Said positively: learning to embrace the doctrine of “the offspring of God” is at the heart of becoming Christ-led reconcilers.
It doesn’t stop there. Once we buy into the valuation of this societal hierarchy, we are immediately flooded with an emotional sensation of feeling both an inferiority and superiority complex. Whether we have precise words for naming it or not, we know that there are some people (and groups) who are more valuable than us in the eyes of society, and some groups who are less valuable. Without the transforming power of the Spirit of God, it’s humanly impossible to avoid envy of those that are above you on the social ladder, and disdain for those who are below you.
This is extremely problematic on a lot of levels. Both a superiority and inferiority complex act like acid on the soul. We are not created by God to think that we are better than other people, and we are not created by God to think that we are less valuable due to whatever the current calculus promotes. Though there are clearly societal pains that tend to be greater for those who internalize a message of inferiority, the reality is that both sides of the equation result in significant spiritual damage.
This is also where prejudice, bigotry, and ultimately racism find much of their roots. Prejudice is usually thought of as something that happens more at an individual level – i.e. preconceived (usually unfavorable) judgments toward an individual or group based on the societal calculus. Bigotry is usually thought of as the next level of action, where people, informed by their prejudice, treats others based on fear or hate. Racism is usually thought of as the collective, corporate, systemic action that is enmeshed into society as a result of prejudice and bigotry (think prison industrial complex, discriminatory housing, police brutality, educational differentials, etc)
I don’t want to oversimplify a complex subject matter, but I am convinced that the Biblical concepts of worship, Imago Dei, and offspring/belovedness are at the heart of both the problem and the cure. It’s true that talk without action doesn’t change anything, but it’s also true that action without good theology is also largely impotent.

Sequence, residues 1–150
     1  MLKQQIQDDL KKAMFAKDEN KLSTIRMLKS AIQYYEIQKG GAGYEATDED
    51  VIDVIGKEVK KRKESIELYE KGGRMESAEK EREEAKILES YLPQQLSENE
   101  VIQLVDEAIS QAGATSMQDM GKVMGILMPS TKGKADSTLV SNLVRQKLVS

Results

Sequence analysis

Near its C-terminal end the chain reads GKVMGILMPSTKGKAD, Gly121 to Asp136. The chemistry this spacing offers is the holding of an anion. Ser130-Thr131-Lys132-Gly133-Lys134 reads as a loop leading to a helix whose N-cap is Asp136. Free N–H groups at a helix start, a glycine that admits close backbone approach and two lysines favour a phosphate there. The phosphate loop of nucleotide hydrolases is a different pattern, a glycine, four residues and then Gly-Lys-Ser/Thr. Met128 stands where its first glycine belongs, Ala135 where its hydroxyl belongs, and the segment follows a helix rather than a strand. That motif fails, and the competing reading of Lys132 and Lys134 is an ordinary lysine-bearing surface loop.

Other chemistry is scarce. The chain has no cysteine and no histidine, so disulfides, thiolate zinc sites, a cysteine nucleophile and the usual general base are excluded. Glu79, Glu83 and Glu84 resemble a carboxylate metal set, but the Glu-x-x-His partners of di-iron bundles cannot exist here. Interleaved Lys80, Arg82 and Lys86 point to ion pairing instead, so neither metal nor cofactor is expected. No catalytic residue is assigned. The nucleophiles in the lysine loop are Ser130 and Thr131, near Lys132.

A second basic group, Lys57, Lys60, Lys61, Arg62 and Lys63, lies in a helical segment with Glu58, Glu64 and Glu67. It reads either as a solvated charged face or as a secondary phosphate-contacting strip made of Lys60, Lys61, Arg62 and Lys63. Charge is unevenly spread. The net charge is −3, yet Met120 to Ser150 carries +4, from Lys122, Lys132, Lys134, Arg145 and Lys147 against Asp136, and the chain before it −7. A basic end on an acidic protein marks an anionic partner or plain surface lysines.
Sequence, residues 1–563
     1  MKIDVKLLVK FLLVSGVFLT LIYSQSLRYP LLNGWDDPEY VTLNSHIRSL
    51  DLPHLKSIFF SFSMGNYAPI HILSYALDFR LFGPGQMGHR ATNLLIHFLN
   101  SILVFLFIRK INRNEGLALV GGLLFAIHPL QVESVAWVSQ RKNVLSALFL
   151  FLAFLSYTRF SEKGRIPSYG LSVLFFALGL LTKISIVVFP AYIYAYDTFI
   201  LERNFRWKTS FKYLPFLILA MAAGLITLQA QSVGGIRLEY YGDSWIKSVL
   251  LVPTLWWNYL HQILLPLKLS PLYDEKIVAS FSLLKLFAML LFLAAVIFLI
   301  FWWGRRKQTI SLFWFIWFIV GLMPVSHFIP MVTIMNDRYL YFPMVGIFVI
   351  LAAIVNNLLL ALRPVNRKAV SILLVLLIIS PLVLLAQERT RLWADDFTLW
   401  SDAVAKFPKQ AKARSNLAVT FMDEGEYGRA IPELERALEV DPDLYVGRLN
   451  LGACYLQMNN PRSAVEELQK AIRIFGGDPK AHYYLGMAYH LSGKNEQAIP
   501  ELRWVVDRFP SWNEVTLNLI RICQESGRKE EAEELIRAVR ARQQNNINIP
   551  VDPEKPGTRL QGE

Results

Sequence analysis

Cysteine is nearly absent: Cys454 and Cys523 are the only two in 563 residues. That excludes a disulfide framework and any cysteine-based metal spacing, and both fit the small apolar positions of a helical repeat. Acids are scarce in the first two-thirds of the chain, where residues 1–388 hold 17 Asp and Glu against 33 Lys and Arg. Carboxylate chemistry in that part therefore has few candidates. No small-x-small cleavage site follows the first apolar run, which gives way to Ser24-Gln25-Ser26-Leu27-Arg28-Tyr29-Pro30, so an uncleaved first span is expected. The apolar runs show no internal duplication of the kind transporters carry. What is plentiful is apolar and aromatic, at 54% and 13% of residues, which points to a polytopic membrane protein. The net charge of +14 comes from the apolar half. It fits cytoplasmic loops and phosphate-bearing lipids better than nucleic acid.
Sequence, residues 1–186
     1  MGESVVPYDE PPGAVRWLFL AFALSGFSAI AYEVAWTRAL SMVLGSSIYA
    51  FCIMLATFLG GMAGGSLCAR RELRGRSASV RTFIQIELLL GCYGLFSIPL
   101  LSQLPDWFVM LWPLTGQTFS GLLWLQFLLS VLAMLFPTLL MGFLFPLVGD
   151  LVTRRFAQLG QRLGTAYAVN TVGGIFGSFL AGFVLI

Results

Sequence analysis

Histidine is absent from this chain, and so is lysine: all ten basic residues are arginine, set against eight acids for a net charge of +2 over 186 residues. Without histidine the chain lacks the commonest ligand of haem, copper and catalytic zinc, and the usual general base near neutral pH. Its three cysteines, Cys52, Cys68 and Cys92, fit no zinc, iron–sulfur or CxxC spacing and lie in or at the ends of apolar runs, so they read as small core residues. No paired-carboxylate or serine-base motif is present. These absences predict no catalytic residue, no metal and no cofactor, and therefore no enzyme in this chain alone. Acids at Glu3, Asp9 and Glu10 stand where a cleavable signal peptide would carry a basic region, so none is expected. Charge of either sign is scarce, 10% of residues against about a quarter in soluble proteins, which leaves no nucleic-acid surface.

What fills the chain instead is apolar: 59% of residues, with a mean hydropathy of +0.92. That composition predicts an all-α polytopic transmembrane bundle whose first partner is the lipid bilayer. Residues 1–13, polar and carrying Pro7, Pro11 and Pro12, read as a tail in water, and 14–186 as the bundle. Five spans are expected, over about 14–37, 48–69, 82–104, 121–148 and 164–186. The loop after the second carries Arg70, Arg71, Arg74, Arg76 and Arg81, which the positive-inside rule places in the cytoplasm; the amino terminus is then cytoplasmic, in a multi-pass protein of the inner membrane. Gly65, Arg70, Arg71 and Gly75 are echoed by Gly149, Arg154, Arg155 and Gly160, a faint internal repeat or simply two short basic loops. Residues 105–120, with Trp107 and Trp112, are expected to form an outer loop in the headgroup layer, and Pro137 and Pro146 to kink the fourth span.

It’s one of the reasons I love Acts 17.16-34 so much. It does both. It gives us a comprehensive description of God, and then reminds us that this is what the Resurrected Christ is all about. It shouldn’t come as a surprise that Paul ends his address with describing Jesus with the word “justice.” This is where it’s all ultimately pointing.
Last month I turned 41, and I know that in the grand scheme of things that is not all that old. But being in my 40’s has raised the level of urgency that I live with, and I feel time flying by faster than ever. I live with a deeper desire for the presence of God now than I have at any point in my life. I want to know God, and be known by God.
I also am more committed than ever to being a man of faith – I want to know the voice of Jesus, and I want to follow him with full abandon. Sermons like Acts 17 help keep my vision crystal clear for what I think that means. I believe Jesus is leading us into worship, into an identity rooted in belovedness, and into a life of faith that calls that out in every other human being. I want to be connected to Christ as he pursues reconciliation with every one of us at an individual level, and I want to be connected to Christ as he pursues reconciliation at a societal level. I want to learn. I want to see. I want to be brave.
In the words of Saint Paul, “I want to know Christ–yes, to know the power of his resurrection and participation in his sufferings.”
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